Simon + Rhapsody In Blue @ 100

AMEN! by Carlos Simon; Simon Says by Paul Frerer

On February 12, my wife and I attended an Albany Symphony Orchestra concert entitled Simon + Rhapsody In Blue @ 100, under the direction of David Alan Miller. It took place at Proctors Theatre in Schenectady and was the first time we had seen the Grammy Award-winning orchestra at the Electric City venue.  Usually, we listen to the group at the Troy Savings Bank Music Hall or Albany’s Palace Theatre.

Why Simon? Two reasons, the second of which I’ll note in due time.  The first is that the initial piece was AMEN! by Carlos Simon. He “is a GRAMMY-nominated composer, curator, and activist. Originally from Atlanta, Georgia, his compositions range from concert music for large and small ensembles to film scores with influences of jazz, gospel, and neo-romanticism. Simon is the Composer-in-Residence for the John F. Kennedy Center for the Performing Arts.”

My wife thought the piece was Gershwinesque, and I don’t think she’s wrong, but judge for yourself. Listen to the UMich Symphony Band (2017) and the Gateways Music Festival (2019).

Next was An American In Paris by George Gershwin. I traveled to France last year so I could write a blog post with that title. Here’s hr-Sinfonieorchester ∙ Andrés Orozco-Estrada (2020).


After the intermission  came the second Simon. It was the world premiere of Simon Says, a concerto for Trombone and Orchestra by Jack Frerer (b. 1995). The music, as described by the composer, was a conversation between the music teacher (the trombone played by ASO’s Greg Spiridopolous) and the sometimes unwilling music students (the orchestra). That foreknowledge made the piece quite humorous, especially at the outset.

The grand piano was moved to center stage. Kevin Cole played a couple of medleys of Gershwin tunes, including Swanee, Fascinating Rhythm, But Not For Me, ‘S Wonderful, and Nice Work If You Can Get It, among others.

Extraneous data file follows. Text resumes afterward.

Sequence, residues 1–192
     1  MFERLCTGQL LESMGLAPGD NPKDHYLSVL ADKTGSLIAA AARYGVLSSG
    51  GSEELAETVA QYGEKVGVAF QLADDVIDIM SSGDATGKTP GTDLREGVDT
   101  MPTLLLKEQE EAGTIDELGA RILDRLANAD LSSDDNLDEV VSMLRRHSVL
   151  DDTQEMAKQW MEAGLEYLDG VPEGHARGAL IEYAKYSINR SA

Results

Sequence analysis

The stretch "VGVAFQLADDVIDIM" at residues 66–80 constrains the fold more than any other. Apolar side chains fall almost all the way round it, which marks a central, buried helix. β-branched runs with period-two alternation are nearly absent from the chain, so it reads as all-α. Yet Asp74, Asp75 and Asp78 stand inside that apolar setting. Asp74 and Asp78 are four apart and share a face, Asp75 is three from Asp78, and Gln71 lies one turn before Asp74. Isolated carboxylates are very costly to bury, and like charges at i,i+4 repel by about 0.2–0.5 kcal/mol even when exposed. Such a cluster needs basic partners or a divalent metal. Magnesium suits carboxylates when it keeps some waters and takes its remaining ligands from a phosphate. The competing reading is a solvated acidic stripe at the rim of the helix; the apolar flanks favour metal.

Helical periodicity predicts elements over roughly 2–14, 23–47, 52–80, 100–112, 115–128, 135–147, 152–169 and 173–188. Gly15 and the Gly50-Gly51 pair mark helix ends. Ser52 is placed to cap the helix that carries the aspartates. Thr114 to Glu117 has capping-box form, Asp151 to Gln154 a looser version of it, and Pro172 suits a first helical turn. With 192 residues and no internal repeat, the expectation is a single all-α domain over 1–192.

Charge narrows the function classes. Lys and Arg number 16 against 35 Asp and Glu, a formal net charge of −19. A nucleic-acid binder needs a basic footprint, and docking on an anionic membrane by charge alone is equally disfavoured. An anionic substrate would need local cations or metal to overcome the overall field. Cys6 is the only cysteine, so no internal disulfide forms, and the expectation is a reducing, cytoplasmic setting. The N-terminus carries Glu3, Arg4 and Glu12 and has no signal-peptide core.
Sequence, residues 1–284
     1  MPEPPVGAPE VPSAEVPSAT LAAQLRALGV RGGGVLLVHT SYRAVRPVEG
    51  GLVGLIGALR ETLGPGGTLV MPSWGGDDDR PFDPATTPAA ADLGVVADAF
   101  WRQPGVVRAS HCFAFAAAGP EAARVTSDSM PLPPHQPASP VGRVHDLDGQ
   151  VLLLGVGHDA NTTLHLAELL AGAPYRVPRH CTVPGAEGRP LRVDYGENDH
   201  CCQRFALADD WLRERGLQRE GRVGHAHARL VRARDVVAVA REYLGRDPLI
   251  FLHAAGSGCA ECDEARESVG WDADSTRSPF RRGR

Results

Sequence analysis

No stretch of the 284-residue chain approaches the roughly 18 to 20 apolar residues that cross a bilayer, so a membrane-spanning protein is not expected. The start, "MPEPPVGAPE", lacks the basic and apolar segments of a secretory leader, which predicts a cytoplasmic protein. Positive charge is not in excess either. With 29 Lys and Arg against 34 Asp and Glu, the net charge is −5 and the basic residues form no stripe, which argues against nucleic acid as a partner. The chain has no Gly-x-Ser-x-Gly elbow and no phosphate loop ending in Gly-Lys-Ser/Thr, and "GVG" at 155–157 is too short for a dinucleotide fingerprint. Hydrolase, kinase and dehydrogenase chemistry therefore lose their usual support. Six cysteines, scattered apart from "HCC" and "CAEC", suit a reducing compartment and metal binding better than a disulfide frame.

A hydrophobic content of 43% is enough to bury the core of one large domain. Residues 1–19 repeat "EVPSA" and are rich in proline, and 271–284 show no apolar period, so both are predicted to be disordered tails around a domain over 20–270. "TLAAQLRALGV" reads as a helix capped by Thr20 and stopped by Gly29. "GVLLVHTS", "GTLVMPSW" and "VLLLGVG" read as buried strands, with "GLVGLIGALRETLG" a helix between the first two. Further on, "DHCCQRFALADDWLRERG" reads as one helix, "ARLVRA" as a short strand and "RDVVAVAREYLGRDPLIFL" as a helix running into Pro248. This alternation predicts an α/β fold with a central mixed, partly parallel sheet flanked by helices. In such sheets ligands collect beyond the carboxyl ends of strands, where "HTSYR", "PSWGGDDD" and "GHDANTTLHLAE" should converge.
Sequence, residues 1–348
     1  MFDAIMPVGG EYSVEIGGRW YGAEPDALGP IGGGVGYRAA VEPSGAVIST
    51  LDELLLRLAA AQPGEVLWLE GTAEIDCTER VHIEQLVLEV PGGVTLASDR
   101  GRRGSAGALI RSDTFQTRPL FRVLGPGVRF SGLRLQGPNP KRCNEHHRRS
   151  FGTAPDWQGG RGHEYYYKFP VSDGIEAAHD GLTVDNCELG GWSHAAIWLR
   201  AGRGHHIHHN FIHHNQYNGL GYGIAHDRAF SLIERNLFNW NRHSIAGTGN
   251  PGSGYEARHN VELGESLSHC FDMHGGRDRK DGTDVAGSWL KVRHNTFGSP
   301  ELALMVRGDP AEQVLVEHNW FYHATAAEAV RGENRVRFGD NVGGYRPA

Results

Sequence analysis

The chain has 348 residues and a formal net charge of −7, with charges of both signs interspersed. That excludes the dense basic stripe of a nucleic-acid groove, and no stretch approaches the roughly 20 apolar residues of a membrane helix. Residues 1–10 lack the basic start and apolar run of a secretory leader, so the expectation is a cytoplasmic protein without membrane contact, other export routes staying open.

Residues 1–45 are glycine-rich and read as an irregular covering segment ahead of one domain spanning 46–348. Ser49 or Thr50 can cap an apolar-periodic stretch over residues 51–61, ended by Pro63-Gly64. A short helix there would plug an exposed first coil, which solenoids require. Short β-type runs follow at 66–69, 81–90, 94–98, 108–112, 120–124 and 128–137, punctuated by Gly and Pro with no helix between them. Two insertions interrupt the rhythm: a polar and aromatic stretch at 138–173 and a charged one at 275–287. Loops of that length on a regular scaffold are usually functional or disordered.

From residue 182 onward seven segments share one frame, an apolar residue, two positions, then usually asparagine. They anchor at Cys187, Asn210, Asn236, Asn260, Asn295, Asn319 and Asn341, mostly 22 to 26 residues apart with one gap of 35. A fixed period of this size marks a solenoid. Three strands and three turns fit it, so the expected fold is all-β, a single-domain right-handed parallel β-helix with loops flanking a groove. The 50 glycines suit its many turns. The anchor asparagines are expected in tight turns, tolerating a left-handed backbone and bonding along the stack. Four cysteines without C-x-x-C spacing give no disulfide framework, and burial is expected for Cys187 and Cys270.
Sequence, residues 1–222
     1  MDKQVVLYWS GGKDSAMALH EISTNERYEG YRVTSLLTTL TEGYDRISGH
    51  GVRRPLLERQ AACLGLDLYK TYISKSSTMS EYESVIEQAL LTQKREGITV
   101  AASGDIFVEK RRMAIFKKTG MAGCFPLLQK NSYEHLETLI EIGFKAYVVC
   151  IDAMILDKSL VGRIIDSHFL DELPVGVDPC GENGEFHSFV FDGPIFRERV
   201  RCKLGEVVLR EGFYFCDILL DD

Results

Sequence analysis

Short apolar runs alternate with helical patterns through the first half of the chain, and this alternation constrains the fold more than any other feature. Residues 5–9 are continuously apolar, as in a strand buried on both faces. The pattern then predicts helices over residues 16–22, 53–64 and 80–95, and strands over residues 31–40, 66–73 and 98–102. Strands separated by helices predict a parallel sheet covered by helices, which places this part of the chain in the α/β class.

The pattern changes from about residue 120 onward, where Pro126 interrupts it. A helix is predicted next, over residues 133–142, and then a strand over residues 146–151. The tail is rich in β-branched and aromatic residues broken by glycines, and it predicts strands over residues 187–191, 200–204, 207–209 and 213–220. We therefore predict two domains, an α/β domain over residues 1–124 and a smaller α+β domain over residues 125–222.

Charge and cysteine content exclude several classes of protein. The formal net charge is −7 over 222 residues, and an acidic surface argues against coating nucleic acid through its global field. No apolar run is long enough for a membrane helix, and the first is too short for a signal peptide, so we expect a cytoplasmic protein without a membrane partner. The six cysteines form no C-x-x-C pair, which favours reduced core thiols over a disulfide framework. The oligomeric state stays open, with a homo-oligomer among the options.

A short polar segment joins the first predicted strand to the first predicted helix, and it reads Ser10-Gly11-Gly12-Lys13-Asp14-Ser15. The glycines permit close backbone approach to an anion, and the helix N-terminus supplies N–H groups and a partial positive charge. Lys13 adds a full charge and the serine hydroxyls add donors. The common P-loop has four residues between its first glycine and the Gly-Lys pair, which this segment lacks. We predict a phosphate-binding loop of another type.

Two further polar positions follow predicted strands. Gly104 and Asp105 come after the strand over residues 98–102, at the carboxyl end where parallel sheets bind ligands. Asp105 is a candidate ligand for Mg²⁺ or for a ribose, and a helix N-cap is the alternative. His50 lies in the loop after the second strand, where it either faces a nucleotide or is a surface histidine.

The week before the concert, my wife had heard on the radio that George Gershwin had “forgotten” that he had agreed to write a piece for band leader Paul Whiteman. George’s brother Ira saw Whiteman’s January 1924 announcement in a newspaper of a new jazz concerto.

That latter part is genuine: the January 4 edition of the New York Tribune. But per both the ASO program and the Wikipedia piece, George had declined Whiteman’s request for such work because the Gershwin brothers were busy working on a new musical.

In a telephone conversation the following day, Whiteman informed George Gershwin, “Whiteman’s arch-rival Vincent Lopez planned to steal the idea of his experimental concert, and there was no time to lose. Whiteman thus finally persuaded Gershwin to compose the piece.” He did, but he improvised the various piano solos, writing them down afterward.

Here’s a tease of the Cole/ASO concert recorded a week before the show.

Rhapsody In Blue: Gershwin on piano; 1st RECORDING -Paul Whiteman Orch. & George Gershwin piano (1924 version); Columbia Symphony Orchestra · Leonard Bernstein (1959). Ira’s contribution to the work.

One last thing: we also went to the concert to see our churchmate Tom in his ASO debut, playing banjo.

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